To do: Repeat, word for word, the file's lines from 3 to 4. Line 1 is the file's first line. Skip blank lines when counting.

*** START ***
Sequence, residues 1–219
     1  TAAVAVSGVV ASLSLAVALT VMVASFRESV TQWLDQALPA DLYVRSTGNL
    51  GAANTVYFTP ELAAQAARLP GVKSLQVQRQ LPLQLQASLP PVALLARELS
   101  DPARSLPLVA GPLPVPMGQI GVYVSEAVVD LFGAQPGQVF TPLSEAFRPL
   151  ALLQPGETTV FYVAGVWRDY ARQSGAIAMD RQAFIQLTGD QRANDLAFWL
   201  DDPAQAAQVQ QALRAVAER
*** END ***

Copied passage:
    51  GAANTVYFTP ELAAQAARLP GVKSLQVQRQ LPLQLQASLP PVALLARELS
   101  DPARSLPLVA GPLPVPMGQI GVYVSEAVVD LFGAQPGQVF TPLSEAFRPL